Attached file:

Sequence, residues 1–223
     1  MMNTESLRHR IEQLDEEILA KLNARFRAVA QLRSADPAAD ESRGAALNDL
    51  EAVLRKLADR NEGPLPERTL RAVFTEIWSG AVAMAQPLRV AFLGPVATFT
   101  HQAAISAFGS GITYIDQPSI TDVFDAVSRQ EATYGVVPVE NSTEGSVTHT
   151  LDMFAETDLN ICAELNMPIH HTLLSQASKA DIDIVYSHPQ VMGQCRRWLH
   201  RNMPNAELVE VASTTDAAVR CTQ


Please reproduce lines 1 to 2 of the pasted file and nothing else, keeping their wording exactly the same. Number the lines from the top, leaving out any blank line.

Sequence, residues 1–223
     1  MMNTESLRHR IEQLDEEILA KLNARFRAVA QLRSADPAAD ESRGAALNDL